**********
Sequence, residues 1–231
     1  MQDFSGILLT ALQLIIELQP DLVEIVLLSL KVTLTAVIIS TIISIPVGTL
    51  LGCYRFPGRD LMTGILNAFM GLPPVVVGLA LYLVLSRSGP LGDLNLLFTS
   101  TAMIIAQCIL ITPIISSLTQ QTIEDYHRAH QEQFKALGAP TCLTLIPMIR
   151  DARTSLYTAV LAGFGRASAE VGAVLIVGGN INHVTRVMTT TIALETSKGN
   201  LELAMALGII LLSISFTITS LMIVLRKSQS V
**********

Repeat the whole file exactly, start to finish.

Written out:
Sequence, residues 1–231
     1  MQDFSGILLT ALQLIIELQP DLVEIVLLSL KVTLTAVIIS TIISIPVGTL
    51  LGCYRFPGRD LMTGILNAFM GLPPVVVGLA LYLVLSRSGP LGDLNLLFTS
   101  TAMIIAQCIL ITPIISSLTQ QTIEDYHRAH QEQFKALGAP TCLTLIPMIR
   151  DARTSLYTAV LAGFGRASAE VGAVLIVGGN INHVTRVMTT TIALETSKGN
   201  LELAMALGII LLSISFTITS LMIVLRKSQS V